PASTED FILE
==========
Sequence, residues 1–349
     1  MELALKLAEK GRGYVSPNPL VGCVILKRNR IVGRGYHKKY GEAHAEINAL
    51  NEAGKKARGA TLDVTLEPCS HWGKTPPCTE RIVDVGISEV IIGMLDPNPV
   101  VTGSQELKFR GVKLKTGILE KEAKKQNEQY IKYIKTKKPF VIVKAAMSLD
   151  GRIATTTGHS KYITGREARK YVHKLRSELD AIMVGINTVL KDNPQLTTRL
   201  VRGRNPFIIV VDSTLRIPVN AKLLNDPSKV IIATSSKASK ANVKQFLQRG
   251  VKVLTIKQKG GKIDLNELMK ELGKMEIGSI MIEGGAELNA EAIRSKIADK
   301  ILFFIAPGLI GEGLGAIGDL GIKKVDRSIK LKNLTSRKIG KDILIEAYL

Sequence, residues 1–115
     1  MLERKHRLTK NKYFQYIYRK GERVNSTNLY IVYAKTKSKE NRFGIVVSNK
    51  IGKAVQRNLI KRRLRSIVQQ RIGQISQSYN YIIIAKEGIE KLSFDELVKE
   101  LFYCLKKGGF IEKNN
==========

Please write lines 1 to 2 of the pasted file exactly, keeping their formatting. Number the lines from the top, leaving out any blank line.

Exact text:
Sequence, residues 1–349
     1  MELALKLAEK GRGYVSPNPL VGCVILKRNR IVGRGYHKKY GEAHAEINAL